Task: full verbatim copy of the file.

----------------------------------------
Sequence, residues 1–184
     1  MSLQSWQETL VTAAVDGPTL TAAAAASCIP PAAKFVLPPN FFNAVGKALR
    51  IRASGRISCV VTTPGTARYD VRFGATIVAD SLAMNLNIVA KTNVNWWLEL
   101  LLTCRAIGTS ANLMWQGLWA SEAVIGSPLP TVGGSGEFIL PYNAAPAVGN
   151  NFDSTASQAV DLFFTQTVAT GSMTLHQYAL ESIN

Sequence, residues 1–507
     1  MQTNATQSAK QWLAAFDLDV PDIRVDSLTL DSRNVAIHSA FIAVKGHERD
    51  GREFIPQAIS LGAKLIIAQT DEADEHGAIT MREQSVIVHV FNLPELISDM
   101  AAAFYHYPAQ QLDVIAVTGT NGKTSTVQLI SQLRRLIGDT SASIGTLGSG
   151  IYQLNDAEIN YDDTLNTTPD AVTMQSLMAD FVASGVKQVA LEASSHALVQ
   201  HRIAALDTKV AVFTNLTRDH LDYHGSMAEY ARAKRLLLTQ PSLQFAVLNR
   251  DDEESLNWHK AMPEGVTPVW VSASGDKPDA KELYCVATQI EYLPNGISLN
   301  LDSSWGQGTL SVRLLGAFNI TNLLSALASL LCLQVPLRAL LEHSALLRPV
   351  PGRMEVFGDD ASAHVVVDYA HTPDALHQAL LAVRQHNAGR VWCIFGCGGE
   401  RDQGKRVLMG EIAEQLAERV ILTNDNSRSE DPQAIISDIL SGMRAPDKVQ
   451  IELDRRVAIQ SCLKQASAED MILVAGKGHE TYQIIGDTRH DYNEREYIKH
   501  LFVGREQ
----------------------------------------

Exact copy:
Sequence, residues 1–184
     1  MSLQSWQETL VTAAVDGPTL TAAAAASCIP PAAKFVLPPN FFNAVGKALR
    51  IRASGRISCV VTTPGTARYD VRFGATIVAD SLAMNLNIVA KTNVNWWLEL
   101  LLTCRAIGTS ANLMWQGLWA SEAVIGSPLP TVGGSGEFIL PYNAAPAVGN
   151  NFDSTASQAV DLFFTQTVAT GSMTLHQYAL ESIN

Sequence, residues 1–507
     1  MQTNATQSAK QWLAAFDLDV PDIRVDSLTL DSRNVAIHSA FIAVKGHERD
    51  GREFIPQAIS LGAKLIIAQT DEADEHGAIT MREQSVIVHV FNLPELISDM
   101  AAAFYHYPAQ QLDVIAVTGT NGKTSTVQLI SQLRRLIGDT SASIGTLGSG
   151  IYQLNDAEIN YDDTLNTTPD AVTMQSLMAD FVASGVKQVA LEASSHALVQ
   201  HRIAALDTKV AVFTNLTRDH LDYHGSMAEY ARAKRLLLTQ PSLQFAVLNR
   251  DDEESLNWHK AMPEGVTPVW VSASGDKPDA KELYCVATQI EYLPNGISLN
   301  LDSSWGQGTL SVRLLGAFNI TNLLSALASL LCLQVPLRAL LEHSALLRPV
   351  PGRMEVFGDD ASAHVVVDYA HTPDALHQAL LAVRQHNAGR VWCIFGCGGE
   401  RDQGKRVLMG EIAEQLAERV ILTNDNSRSE DPQAIISDIL SGMRAPDKVQ
   451  IELDRRVAIQ SCLKQASAED MILVAGKGHE TYQIIGDTRH DYNEREYIKH
   501  LFVGREQ